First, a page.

The 2nd Infantry Battalion alone was sent to the Shenandoah Valley to support the Union offensive against the Confederate capital. There, Lt. Vandermeer saw action at Kernstown, McDowell, Winchester, Cross Keys, and Port Republic. All thought they were defeated many times, the fighting skill of Lt. Vandermeer's platoon stood out, and he accepted a promotion to Captain and was given command of the entire company. When the regiment consolidated after the failed Valley and Peninsular Campaigns, D Company under Captain Vandermeer joined the fighting again. They fought bravely at Cedar Mountain, Bull Run (again), Chantilly, and South Mountain. Moving north into Maryland, the Battle of Antietam began and the company under Cpt. Vandermeer fought through the cornfield. It was here that he earned his Medal of Honor. D Company's standard bearer had been killed during hand to hand combat, and a Confederate soldier attempted to pick up the colors. Captain Vandermeer shot him dead with his revolver and charged into the Confederate lines at great danger to his own life to rescue the standard. A young Confederate attempted to stab the Captain with his bayonet, but William wounded the enemy soldier with his sword and took him prisoner. After the action at the cornfield, Captain Vandermeer was presented with the Medal of Honor by President Lincoln himself, which William was reluctant to accept. "The real heroes of that day were the boys I fought with. I don't think I deserve this any more than they do," he wrote in a letter home to his family. He sent the medal home, "in case something should happen to me, as it has happened to scores of other men," he wrote in the same letter. (His Medal of Honor is on display in the 2nd Battalion wing of the regimental headquarters in Massachusetts)

With a great new respect from his men, Vandermeer led his unit at Fredericksburg and Chancellorsville, at both of which he was astounded at the failures of the general Union command and wrote a letter to President Lincoln, asking him to find a better, more proven general, lest he waste the lives of more good men. The Confederate offensive began at Chancellorsville continued north to Pennsylvania, where Washington DC was under direct threat. The 1st Marine Raider Regiment rolled onto the Gettysburg battlefield with everything they had to obtain a terribly needed victory. The 1st Battalion had failed to contain the enemy advance on the first day of the battle, and the 2nd Infantry Battalion was brought onto the field in full strength to defend the area around the Wheatfield and the Peach Orchard on the second day. Cpt. Vandermeer's D Company was situated right in the center of the Wheatfield, and the Confederates attacked them in full force, overrunning the Union forces. D Company, under Captain Vandermeer, however, refused to retreat despite being vastly outnumbered. For hours of continuous combat, they held off the enemy with guns, grenades, and bayonets. By this time, most of the platoon commanders had been killed or mortally wounded and Captain Vandermeer rallied his understrength company under his direct command by allegedly shouting, "Fight on, boys! They shall not take this ground had they a million men, for you are true Americans!" Ammunition was dangerously low and the company's numbers were thinning by the minute. Cpt. Vandermeer himself had run out of ammunition for his Henry Rifle and was down to his pistol hours into the fighting. William knew that his men could not withstand any more combat without the company being destroyed and ordered a general withdrawal. As he turned to retreat, Captain William Vandermeer was shot through the neck and fell into the arms of a young private from 5th Platoon, where he died instantly. The private carried him off the battlefield.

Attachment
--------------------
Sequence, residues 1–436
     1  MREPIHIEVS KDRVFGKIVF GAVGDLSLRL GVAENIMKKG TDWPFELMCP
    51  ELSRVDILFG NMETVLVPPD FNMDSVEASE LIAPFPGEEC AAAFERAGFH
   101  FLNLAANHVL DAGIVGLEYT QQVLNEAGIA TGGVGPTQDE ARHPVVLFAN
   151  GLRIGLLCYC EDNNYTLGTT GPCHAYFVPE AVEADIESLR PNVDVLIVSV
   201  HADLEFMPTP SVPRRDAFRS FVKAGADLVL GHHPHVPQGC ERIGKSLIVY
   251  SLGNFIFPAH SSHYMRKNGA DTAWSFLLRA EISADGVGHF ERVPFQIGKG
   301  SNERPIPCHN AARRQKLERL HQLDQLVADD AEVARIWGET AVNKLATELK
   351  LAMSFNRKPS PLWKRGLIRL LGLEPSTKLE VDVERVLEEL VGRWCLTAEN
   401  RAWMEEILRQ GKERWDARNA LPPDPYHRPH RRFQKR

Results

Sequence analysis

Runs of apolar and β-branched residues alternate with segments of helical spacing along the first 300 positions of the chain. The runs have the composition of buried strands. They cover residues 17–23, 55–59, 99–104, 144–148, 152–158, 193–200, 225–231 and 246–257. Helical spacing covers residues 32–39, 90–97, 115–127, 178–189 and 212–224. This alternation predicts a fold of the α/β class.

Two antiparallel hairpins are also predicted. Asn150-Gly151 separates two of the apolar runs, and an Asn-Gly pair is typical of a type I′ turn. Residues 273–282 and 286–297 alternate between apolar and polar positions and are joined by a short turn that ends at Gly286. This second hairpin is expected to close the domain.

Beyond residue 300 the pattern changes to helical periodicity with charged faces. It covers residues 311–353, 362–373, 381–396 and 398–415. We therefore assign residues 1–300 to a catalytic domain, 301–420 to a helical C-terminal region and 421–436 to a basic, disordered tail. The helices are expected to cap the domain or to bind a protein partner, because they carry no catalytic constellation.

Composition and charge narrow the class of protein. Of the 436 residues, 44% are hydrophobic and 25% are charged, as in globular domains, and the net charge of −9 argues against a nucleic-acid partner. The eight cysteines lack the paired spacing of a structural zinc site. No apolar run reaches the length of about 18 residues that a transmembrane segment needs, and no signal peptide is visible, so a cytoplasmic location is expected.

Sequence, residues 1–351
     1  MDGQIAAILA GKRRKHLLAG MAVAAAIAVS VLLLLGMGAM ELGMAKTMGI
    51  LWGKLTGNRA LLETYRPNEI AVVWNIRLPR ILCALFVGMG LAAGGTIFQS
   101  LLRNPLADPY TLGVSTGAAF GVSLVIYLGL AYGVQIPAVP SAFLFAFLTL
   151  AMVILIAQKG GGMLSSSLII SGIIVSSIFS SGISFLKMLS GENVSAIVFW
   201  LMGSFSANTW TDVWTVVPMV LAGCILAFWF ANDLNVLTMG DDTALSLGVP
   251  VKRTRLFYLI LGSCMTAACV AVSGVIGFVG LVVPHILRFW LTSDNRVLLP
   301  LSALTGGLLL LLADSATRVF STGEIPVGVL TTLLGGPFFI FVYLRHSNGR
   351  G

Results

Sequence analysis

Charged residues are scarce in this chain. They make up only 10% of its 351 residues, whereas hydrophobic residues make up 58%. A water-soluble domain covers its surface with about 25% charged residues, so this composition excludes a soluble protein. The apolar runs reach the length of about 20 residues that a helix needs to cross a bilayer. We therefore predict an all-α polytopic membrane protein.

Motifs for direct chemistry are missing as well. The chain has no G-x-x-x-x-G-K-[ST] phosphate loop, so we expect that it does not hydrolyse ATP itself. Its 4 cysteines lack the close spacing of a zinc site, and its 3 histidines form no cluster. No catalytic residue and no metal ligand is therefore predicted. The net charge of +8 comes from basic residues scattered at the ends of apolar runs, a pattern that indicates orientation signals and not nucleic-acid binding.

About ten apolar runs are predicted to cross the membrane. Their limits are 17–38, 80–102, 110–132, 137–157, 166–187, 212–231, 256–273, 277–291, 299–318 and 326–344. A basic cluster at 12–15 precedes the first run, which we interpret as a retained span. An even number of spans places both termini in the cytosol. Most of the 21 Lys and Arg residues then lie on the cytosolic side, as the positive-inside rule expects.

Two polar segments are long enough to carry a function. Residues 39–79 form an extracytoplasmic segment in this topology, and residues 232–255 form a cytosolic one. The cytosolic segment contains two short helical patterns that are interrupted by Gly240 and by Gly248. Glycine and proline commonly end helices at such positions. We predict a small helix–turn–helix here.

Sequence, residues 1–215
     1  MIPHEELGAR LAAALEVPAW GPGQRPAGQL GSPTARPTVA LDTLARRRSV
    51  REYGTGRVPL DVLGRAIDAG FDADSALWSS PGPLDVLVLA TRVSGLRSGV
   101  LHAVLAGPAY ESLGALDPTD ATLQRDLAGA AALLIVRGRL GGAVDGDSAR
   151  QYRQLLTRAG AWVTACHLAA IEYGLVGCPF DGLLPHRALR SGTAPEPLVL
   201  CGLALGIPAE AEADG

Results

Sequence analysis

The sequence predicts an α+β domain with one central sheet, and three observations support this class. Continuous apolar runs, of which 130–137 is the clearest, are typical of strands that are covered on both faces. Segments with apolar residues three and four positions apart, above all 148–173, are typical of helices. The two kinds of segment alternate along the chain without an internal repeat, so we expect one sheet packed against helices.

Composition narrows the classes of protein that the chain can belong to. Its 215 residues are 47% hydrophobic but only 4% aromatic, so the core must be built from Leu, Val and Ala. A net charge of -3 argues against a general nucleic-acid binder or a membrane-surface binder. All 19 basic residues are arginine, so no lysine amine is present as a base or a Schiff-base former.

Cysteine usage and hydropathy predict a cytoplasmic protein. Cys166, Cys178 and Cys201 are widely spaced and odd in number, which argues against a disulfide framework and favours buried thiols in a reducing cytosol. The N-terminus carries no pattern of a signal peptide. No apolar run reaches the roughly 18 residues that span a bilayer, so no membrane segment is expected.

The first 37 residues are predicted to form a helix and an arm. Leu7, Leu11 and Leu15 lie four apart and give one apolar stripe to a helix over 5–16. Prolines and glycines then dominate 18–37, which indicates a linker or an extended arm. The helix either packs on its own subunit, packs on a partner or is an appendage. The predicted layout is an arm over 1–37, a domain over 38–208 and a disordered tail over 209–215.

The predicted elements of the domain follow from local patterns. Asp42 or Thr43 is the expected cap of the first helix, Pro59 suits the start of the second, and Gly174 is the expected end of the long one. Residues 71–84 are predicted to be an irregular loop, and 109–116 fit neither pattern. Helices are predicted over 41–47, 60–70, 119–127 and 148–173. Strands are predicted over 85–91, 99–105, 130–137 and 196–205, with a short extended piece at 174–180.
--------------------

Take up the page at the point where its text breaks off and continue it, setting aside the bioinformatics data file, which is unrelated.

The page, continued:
Legacy Edit

Peter and Elizabeth Vandermeer were stricken with grief at their son's passing. They asked for his body, a request which was granted by the divisional command. He was buried with full military honors on August 12, 1863 in the cemetery outside of the church the Vandermeers had belonged to. Peter and Elizabeth both died in 1882. They had no more children.

The nature of Captain William T. Vandermeer's defense of the Wheatfield has elevated him to a heroic status in the aftermath of the war. Officers of Delta Company visit the site of his death every five years to lay a wreath, a tradition which began in 1913. The officers of the company have worn red tassels on the end of their swords in commemoration of the 100% casualties among officers at Gettysburg, but since 1909, all officers of the 2nd Infantry Battalion wear the "blood tassel".

A commemorative stone honoring Captain Vandermeer was placed in the field surrounding the 1st Marine Raider Regiment headquarters in Massachusetts in 1938. On it is a plaque on which reads a poem titled "Calling of the Wind", the only poem describing his military service and the last one he ever wrote.